The High Court has upheld a three-month suspension against a commercial barrister for wrongly telling a solicitor in an email that he was entitled to hold £400,000 of client money.
Oliver White, who formerly practised at 4-5 Gray’s Inn Square, told the court that the email was sent in the ‘heat of the moment’ and that the implications of the suspension would be ‘catastrophic’.
White was suspended for emailing a solicitor - named as John McConkey of the High Court Enforcement Group - stating that, in respect to handling £400,000 of client money, he was entitled to conduct litigation with ‘all the same freedoms that a solicitor is able to operate within’.
The bar disciplinary tribunal said that he was not entitled to conduct litigation, and was not entitled to receive, control or handle clients’ money.
It also said that the purpose of writing the statement was to dissuade the High Court Enforcement Group from complaining to the Bar Standards Board over White breaching the rules on handling client money.
In his appeal, White said that the tribunal had failed to take in account that he had acted in the heat of the moment and said he should be credited with displaying genuine remorse.
He said that his email was a ‘reckless, knee-jerk reaction’ to a complaint by McConkey, and said he did not know BSB rules prohibited him from handling client money. The email was never intended to discourage McConkey from complaining, he said.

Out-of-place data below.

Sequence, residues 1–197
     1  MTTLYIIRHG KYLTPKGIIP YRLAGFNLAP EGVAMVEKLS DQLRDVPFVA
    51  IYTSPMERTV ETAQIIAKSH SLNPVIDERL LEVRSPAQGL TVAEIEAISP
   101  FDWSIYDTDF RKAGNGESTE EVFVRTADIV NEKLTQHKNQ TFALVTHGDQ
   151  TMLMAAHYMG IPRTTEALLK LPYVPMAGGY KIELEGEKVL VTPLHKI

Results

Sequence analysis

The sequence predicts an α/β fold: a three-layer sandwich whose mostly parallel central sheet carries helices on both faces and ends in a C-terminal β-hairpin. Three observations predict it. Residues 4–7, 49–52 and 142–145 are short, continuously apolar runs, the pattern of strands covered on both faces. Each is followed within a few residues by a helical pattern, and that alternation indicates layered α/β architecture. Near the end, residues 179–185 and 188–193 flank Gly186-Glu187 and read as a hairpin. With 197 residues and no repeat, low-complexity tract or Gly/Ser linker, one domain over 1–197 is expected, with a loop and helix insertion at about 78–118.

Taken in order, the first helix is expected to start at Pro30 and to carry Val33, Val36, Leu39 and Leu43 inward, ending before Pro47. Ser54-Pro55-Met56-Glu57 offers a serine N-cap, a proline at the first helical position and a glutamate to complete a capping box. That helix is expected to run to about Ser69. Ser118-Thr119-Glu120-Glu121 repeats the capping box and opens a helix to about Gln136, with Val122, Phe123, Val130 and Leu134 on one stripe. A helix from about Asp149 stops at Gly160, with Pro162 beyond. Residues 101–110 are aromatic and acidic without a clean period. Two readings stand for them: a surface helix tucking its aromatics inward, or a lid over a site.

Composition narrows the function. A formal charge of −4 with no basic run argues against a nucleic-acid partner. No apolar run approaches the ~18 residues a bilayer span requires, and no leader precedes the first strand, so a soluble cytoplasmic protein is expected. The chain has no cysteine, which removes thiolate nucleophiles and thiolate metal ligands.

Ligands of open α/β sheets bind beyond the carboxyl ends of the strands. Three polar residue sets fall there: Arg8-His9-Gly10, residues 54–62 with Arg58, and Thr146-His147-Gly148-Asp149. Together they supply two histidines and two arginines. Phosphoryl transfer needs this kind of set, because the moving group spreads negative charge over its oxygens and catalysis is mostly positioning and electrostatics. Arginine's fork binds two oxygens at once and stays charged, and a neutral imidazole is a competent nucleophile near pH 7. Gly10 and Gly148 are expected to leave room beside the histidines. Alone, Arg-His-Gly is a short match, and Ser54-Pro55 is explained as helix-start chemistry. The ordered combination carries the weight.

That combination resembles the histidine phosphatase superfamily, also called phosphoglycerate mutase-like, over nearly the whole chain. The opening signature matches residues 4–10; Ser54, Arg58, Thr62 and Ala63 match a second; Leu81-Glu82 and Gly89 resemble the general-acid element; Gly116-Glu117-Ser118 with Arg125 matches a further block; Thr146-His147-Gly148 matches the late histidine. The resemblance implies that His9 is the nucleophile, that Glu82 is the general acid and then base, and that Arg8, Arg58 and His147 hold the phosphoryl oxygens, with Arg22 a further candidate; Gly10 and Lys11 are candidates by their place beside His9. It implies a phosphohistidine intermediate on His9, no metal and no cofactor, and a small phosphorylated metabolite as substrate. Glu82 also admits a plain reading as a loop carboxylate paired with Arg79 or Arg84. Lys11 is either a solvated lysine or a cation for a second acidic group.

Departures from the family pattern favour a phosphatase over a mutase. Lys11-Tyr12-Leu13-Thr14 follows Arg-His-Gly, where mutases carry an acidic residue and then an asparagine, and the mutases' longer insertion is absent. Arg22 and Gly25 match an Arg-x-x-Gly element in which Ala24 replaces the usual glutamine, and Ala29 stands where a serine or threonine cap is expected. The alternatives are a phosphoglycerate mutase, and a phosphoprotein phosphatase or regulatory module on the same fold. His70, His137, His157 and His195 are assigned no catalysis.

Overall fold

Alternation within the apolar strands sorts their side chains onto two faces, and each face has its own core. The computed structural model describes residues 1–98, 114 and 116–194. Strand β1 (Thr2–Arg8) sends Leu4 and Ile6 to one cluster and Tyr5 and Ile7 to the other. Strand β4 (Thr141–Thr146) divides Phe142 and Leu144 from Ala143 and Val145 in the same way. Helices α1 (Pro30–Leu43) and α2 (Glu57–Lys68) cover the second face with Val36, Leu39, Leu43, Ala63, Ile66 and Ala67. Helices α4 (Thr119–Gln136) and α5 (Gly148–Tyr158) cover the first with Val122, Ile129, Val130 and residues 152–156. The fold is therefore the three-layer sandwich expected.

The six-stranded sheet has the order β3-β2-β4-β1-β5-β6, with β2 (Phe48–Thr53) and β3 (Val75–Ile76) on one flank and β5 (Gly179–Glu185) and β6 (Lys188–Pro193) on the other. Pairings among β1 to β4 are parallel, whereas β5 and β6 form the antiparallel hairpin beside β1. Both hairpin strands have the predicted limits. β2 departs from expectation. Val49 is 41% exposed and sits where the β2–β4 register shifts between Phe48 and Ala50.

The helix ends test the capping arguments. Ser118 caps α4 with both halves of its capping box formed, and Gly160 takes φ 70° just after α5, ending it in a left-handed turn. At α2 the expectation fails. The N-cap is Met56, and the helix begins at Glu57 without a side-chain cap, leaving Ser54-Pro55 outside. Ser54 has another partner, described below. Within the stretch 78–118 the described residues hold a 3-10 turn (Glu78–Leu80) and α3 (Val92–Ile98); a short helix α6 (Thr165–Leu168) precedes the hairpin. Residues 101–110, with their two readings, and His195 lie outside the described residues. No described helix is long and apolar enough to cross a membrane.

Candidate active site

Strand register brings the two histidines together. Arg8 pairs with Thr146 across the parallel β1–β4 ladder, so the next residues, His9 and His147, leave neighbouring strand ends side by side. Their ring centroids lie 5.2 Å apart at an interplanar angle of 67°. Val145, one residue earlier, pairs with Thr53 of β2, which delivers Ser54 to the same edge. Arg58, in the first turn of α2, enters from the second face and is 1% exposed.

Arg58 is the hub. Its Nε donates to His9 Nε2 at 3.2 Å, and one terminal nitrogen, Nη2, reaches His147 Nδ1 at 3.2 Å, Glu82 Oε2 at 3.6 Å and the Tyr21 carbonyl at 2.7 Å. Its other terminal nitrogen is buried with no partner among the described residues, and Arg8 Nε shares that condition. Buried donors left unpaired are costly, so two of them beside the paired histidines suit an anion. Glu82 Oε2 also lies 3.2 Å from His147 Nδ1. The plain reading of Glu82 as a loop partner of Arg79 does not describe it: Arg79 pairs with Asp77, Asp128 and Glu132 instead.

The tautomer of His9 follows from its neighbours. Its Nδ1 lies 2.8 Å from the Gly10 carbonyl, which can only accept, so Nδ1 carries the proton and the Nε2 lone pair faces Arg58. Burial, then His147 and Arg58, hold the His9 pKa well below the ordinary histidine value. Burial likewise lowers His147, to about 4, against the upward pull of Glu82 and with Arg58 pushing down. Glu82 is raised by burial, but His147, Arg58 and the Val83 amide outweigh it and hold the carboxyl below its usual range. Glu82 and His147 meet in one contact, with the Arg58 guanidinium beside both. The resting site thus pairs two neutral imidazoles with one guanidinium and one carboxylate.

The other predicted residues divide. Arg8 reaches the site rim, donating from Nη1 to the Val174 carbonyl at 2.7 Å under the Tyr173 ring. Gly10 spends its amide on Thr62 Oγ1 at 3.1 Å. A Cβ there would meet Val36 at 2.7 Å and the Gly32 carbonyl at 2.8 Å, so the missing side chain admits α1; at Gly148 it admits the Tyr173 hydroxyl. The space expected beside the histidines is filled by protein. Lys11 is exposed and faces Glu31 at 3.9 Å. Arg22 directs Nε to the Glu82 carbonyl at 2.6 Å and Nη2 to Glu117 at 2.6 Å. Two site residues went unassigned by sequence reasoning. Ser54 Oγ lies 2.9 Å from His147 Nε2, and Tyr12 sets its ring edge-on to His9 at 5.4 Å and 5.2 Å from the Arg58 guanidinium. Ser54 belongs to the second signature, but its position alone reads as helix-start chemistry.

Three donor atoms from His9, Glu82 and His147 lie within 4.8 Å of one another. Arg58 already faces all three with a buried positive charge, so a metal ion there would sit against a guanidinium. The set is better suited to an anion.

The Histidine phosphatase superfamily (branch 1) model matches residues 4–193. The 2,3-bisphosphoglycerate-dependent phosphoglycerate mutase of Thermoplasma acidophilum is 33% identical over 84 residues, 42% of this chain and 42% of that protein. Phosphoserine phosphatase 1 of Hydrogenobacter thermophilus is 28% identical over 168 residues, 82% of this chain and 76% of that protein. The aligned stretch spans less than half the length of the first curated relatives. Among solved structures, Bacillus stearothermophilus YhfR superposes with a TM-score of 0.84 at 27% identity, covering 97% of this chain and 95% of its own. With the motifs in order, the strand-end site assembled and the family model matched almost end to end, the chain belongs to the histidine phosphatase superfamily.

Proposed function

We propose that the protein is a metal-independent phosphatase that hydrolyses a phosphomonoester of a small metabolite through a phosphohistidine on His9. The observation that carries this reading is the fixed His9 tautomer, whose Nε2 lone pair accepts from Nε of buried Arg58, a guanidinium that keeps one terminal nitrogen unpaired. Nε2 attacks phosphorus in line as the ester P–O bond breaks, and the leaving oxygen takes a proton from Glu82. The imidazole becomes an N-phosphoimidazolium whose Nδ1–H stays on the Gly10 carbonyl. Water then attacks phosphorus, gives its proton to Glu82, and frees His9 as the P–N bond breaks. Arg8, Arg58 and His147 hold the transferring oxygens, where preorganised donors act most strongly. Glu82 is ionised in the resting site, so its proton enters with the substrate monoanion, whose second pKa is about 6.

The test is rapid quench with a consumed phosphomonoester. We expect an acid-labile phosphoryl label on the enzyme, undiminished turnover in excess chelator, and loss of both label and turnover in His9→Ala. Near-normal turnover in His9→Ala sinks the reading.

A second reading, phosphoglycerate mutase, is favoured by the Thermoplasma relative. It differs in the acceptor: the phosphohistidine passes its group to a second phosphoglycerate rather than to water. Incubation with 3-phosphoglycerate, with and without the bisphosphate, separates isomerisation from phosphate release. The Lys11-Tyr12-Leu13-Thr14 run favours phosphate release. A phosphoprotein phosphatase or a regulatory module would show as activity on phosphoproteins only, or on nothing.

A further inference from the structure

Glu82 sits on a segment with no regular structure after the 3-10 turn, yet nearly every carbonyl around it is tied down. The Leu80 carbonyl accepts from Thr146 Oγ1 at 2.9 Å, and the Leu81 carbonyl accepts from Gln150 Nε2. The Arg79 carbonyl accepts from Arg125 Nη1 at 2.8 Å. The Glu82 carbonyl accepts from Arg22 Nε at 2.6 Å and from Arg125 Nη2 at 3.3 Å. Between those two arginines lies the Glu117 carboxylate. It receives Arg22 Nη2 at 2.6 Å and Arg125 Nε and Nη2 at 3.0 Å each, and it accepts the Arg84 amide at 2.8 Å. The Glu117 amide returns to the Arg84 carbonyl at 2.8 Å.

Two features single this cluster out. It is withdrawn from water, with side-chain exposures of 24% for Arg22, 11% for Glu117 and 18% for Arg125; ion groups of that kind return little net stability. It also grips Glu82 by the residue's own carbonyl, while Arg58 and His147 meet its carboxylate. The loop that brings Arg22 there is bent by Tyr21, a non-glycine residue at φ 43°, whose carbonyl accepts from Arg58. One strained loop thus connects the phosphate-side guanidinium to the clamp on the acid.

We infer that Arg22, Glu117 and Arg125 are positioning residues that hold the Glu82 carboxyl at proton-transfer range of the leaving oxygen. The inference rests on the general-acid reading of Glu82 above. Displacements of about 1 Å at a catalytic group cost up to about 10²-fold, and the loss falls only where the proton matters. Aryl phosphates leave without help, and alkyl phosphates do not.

White added that the implications of a suspension would cause enormous harm to his professional reputation and would have a severe impact on his direct-access work.
But, sitting in the High Court, Mr Justice Garnham dismissed White's appeal. He said that White’s email was ‘plainly’ designed to allay the concerns of McConkey, which had caused McConkey to threaten to make a complaint.
He said White’s argument that the email was sent in the heat of the moment was ‘hopeless’ as White had received a letter from McConkey on the same subject a week earlier.
Garnham said: ‘It is perfectly clear that Mr White had had some days to reflect on an appropriate response to that letter and to the suggestion that there might be something amiss about the fact that client money had been held by Mr White in his chambers’ account.’
He said that the three-month suspension was an ‘entirely appropriate and proportionate response’ to the breach of professional standards.
Garnham added: ‘I have no doubt that it will impact upon his reputation, upon the nature and quality of instructions he receives hereafter, on his chambers’ attitude towards him and on his financial circumstances… but nonetheless the conduct … was seriously below the standard expected of a barrister.’
An entry posted on White’s personal website says that White stopped practising at 4-5 Gray’s Inn Square on 2 December.